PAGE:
Pho is one of the classic Vietnamese dishes that is eaten by millions all over Vietnam, and increasingly enjoyed by people overseas. Pho is a staple for the Vietnamese, and it is often eaten to start the day as breakfast. You can enjoy it for dinner or lunch – here are a few pointers on how to eat Pho and what to expect from this flavoursome dish.
Pho- Did You Know?
There is some debate about how you pronounce this Vietnamese classic. Fuh? Faux? There are differences in regional accents in Vietnam but the chances are if you pronounce it either way the people at the Vietnamese restaurant will know what you are talking about. Pho actually refers not to the soup but the noodles, according to vieteat.co.uk. Many different soups are popular in Vietnam but Pho is the only one made with white rice flour noodles and these are always of a high quality.
The Pho Broth
According to vieteat.co.uk, the best Pho broth is clear and has a staggering amount of flavour whether chicken or beef is used. The spice and herb combination includes star anise, cinnamon, cloves, cardamoms, and ginger. There are also often charred or roasted onions added to the soup.
Pho Herbal Garnishes
When the Pho arrives it will come either with a salad of herbs and vegetables on top of the broth, or in a separate basket. It is a good idea to take a good sip of the broth first so you can taste its simple pleasures before adding garnish. You will find Thai basil and beansprouts, and may also find Thai peppers, green onions, and coriander.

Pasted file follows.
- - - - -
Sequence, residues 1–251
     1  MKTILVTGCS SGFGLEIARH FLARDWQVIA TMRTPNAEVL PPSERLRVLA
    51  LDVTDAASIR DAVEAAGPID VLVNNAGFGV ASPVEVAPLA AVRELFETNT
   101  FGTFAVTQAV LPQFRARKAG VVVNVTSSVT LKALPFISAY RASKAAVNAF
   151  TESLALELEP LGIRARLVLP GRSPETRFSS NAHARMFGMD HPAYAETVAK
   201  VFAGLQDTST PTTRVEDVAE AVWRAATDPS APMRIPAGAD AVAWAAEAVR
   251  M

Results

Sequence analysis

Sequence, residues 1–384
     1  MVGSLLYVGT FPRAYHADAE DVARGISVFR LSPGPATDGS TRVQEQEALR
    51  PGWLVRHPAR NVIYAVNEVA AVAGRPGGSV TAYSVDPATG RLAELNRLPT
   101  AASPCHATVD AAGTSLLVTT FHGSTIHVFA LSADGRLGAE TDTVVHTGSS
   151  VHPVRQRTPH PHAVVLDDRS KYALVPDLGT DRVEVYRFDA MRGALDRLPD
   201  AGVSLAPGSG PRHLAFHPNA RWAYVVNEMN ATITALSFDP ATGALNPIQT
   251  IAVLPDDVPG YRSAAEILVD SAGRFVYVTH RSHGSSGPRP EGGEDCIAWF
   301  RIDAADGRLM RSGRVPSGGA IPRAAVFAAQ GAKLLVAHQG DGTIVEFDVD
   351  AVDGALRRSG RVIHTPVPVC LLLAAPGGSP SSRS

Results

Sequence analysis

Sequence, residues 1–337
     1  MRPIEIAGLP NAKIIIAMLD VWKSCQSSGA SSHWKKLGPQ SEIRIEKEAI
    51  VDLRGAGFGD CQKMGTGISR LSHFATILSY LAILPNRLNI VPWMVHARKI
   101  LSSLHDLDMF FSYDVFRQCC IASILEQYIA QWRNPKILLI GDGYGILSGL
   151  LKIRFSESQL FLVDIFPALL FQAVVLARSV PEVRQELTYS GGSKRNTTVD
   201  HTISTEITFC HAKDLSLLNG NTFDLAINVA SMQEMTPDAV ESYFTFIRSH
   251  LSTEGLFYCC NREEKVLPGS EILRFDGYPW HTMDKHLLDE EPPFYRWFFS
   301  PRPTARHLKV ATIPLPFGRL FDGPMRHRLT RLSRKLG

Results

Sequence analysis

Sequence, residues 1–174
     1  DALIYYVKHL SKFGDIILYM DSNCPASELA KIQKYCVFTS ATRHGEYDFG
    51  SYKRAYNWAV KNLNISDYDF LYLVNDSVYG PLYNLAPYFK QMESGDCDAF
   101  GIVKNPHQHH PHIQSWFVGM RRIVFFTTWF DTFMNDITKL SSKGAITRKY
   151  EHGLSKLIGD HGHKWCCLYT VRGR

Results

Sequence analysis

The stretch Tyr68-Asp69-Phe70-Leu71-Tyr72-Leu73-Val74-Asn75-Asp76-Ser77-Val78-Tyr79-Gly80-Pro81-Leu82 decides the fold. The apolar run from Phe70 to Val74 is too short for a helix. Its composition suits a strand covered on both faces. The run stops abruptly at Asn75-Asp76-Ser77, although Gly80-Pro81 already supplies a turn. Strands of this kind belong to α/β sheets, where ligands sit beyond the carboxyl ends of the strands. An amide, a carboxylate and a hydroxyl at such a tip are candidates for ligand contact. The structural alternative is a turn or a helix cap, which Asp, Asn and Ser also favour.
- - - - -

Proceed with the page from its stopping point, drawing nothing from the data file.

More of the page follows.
Pho is served with an array of condiments and you can enjoy any of these depending on your taste. Hoisin sauce, sriracha and the popular fish sauce are all normally served next to a bowl of Pho in a restaurant in the UK. However, in Vietnam the sauces are less common and it is not so usual to smother the soup in sauces. Try not to overpower the Pho with sauce. When the Pho is well-made and delicious, it doesn’t really need so much more flavour added. Some Pho broths are less powerful in their taste and could benefit from a touch of sauce, but the best don’t need it.
When the Pho comes to the table you may be surprised to see that you have chopsticks as well as a small soup spoon. The chopsticks are there to help you eat the noodles that are a vital component of the soup. First, take a sip of the broth to taste the flavour. Shred some of the herbs onto the top of the soup and take another sip. Use the chopsticks to eat the noodles. Don’t be afraid to slurp. Once all the noodles and most of the herbs are gone, finish the bowl by raising it to your lips and polishing it off. Don’t worry, you don’t have bad table manners – this really is the way to finish a bowl of Pho.
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